Bird Watcher's General Store

“A Cape Cod Destination Icon For 40 Years”

Fall Topics

Fall, sweet fall,

I think if some researcher made a list of topics that people argue about the most, choosing the best season of the year probably wouldn’t make the top ten, or even the top twenty. Undoubtedly, religion, politics, sports and which way to hang toilet paper off the holder are far more important topics to fight about. Because when it comes to discussing the seasons, things are pretty straightforward. Skiers and snowboarders love the winter, gardeners enjoy the spring, beach goers worship the summer’s sun and most Cape Codders look forward to the fall. October is when our weather becomes refreshing, the restaurants are no longer packed and we are finally able to participate in the long-lost art of making left-hand turns. Fall is also a time of change for the birds. (You knew I would get to birds eventually.) Here are several fall topics combined into a single column, a column that can be saved and stored away for future reference. I keep my favorite bird columns under my pillow, which doesn’t make my wife happy (but I’ll bet she secretly reads them after I fall asleep).

The most obvious change in October is that the orioles and hummingbirds have stopped coming to our feeders. Even the enchanting catbirds will be disappearing soon and the goldfinches will stop being gold. People regularly inquire about when to take down their hummingbird feeders. By mid-September “our” hummingbirds are long gone, but we could still see a few late stragglers migrating down from Maine or Canada. So leaving your feeders up for a few more weeks wouldn’t hurt. Although there is a downside associated with keeping your feeders out for too long. What is this downside, you ask? Could it be that our feeders prevent birds from migrating? Nope, that isn’t it. Hummingbirds are programmed to fly south, regardless of how many feeders we have in our yards. But sometimes a lost bird, usually from the western part of North America, will mistakenly fly east and when that happens, the confused bird may become attached to a feeder. Being lost is not only bad news for the bird, but it’s also bad news for the feeder’s owner. Once the word gets out that a rare hummingbird is in the area, the person’s yard will be inundated with carloads of creepy birders and that’s never a good thing.

Speaking of “never a good thing,” a successful woodpecker breeding season means that thousands of young woodies will be looking for a place to spend the winter. After hearing about last winter, there is no way these newbies want to spend this year sleeping outside, so they dig out little cavities to roost in. Usually, these roosting cavities are dug into the trunks of dead trees. But occasionally (actually, I think it’s a lot more than occasionally), a woodpecker will shun the tree and instead dig a hole into the side of someone’s home. And more often than not, this little home invader is a cute Downy Woodpecker. But the bird’s cuteness can’t save it from the wrath of the homeowner, who, more often than not, doesn’t want a new hole in the house. The homeowner then comes complaining to me, because as everyone knows, I’m responsible for all bird behavior, everywhere.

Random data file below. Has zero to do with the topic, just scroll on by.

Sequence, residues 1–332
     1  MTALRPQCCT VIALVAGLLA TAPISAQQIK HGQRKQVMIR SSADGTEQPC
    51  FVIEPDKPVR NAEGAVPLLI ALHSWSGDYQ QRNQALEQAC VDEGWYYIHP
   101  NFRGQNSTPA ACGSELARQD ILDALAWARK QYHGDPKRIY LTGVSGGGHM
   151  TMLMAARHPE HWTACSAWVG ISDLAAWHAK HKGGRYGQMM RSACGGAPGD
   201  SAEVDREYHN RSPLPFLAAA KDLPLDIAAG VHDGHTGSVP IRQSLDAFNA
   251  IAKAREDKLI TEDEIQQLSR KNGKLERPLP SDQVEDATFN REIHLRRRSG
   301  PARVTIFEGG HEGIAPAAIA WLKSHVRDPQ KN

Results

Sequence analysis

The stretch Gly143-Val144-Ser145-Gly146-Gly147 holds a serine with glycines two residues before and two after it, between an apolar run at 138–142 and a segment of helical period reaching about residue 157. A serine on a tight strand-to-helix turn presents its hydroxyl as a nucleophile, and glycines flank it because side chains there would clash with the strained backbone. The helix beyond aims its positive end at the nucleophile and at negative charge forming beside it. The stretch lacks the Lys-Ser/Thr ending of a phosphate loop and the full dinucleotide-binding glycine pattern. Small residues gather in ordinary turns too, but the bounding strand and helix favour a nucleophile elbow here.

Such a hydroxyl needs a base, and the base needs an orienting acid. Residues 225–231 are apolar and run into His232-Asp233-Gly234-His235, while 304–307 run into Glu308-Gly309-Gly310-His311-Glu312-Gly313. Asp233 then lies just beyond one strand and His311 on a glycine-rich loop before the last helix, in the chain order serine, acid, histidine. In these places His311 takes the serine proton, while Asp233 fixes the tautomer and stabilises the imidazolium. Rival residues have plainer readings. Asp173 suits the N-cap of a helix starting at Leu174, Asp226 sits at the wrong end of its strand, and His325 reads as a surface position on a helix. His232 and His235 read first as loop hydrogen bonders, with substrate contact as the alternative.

Here are two suggestions that we find are the most effective at stopping woodpecker attacks. First, if there is any damage, fix it immediately, even if the fix is only temporary. Woodpeckers love holes and are attracted to them almost as quickly as Volkswagen executives are attracted to scamming the public. Next, get out your ladder and tack up strips of reflective scare tape over the affected area. The shiny tape is cheap (much cheaper than those worthless plastic owls) and usually does the trick. Of course, a house covered in sparkly streamers will look like a float in the Mardi Gras parade, but what’s wrong with that?

While we are talking about work that requires the use of a ladder, fall is a good time to clean out your birdhouses. I know next spring is a long way off, but the weather is nice now, so why not get the job done? Remember, birds often start exploring for nest sites in March and in case you forgot, we couldn’t even get near our birdhouses last March. BTW: I suggest that you wear rubber gloves when cleaning out your boxes. Last July I cleaned out my Tree Swallow house and neglected to follow my own advice. The swallows’ nest was infested with lice, and soon so was I. I had to take a shower…and it wasn’t even the end of the month.

Here’s something else that I hear every fall: “Why have the Blue Jays suddenly become super pigs?” Blue Jays, which aren’t known for being shy, really crank it up in October. It’s not that the jays have suddenly switched to a high caloric diet; they are eating the same amount as usual. However, most of the seed they are scooping up is actually stashed away for the coming winter. So, before you start cursing at the jays, you should understand the reason they are being such pigs…then you can curse at them all you want.

While fall is my favorite season, it’s a little sad to see the hummingbirds and orioles leave us, and in a few weeks the catbirds will be gone, too. But there is some good news to report. Soon the Common Grackle, aka “those darn blackbirds” will also be heading south. That should put a smile on just about everybody’s face, including my wife’s. She’ll learn about this good news when she reads this column tonight, after I fall asleep.